The Minister of State for Health, Adeleke Mamora, has called for concerted efforts to remove all barriers hindering the growth of Traditional Medicine in Nigeria and Africa, in General.

Mamora said Traditional Medicine is part and parcel of the culture of Africa and must be encouraged to thrive, barring all barriers on its path.

Speaking at an event organised by the National Institute for Pharmaceutical Research and Development in Nigeria (NIPRD) to seek ways of improving the traditional medicine industry in Africa, the minister said the Federal Government has commenced moves to ensure proper labelling and documentation of traditional medicines.

“Barriers in terms of recognition, labelling, not being open. One of the things that we are doing is to remove the veil and make it open and transparent and have documentation and ensure that we removed the fear of taking away the intellectual property rights of the traditional medicine practitioners,” he said.

Meanwhile, the Director-General of NIPRD, Dr Obi Adigwe, said the Health Agency has commenced a partnership with the University of KwaZulu-Natal (UKZN) in South Africa to grow the traditional medicine industry and ensure medicine security in Africa.

He said there are plans to facilitate Research and Development, Human Capital Development and Community Engagement, all in the context of the Traditional Medicine Value Chain.

The move is also expected to produce various socio-economic benefits including Business and investment opportunities, jobs and income generation opportunities for stakeholders involved in the African Traditional Medicine Pharmaceutical Value Chain, especially Traditional Health Practitioners.

Dr. Adigwe insisted that Africans must take responsibility for providing access to safe, affordable life-saving medicines for the people of the region.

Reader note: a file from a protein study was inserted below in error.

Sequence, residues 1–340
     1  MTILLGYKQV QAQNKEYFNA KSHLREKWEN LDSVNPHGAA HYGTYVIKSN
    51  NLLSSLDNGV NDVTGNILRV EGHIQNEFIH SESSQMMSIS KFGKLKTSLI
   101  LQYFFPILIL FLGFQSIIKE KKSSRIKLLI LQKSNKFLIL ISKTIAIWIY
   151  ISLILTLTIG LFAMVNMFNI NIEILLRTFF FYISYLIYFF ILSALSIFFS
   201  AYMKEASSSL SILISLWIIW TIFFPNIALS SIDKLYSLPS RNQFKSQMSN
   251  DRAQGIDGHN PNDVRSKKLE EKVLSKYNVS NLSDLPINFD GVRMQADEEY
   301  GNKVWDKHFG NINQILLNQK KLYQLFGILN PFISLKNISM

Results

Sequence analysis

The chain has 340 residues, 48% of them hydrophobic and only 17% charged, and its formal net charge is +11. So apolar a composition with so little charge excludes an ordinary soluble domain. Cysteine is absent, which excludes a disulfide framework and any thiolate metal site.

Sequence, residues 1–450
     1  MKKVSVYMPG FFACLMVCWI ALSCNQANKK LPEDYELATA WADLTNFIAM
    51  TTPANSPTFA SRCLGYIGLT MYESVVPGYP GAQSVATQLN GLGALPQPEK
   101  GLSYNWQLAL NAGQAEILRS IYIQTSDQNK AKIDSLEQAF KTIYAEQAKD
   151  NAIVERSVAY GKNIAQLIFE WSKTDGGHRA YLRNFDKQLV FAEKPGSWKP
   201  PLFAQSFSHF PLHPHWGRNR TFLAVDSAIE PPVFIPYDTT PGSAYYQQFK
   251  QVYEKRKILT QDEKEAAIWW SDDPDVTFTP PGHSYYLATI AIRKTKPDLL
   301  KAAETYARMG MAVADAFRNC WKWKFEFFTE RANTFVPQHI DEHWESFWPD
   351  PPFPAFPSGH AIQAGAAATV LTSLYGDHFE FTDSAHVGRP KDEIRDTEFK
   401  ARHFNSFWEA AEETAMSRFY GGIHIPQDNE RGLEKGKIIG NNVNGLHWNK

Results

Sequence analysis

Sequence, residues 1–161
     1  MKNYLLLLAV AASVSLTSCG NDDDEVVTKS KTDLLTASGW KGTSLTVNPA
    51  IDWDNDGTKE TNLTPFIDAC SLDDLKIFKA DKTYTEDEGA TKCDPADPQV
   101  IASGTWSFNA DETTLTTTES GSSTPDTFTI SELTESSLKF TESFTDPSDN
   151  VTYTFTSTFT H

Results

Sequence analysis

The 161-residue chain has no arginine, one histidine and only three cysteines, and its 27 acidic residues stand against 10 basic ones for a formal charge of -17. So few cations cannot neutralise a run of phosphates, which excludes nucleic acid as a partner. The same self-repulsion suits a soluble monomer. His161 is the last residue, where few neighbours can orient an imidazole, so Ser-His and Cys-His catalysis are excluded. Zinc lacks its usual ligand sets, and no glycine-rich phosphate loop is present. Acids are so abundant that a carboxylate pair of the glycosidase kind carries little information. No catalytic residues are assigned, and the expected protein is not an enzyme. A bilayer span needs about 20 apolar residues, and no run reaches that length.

“Medicine security that we conceptualized a decade ago was a concept that argued that unless we as Africans begin to determine how our medicines are developed, produced and how our medicines are distributed, we will never be in a position to ensure sustainable access to safe, affordable life-saving medicines to our people.

“Embedded in the medicine security concept are social-economic indicators that align with local manufacturing and local development of these resources.

Dr. Adigwe insisted that “as a people, we must not abdicate the responsibility of providing healthcare for our people to others outside the continent.

“We must not abdicate the responsibility for developing socio-economic programmes that will ensure that our youth, women have jobs, adequately employed, they no longer seek pastures whether through legal or illegal immigration elsewhere.

The Deputy Vice-Chancellor, University of Kwazulu Natal, and Head of the College of Humanities, Professor Nhlanhla Mkhize on his part explained that solutions for African healthcare challenges should be based on the commitment of African people to promote, preserve and protect their local knowledge systems.

DP/Ibrahim Bamidele

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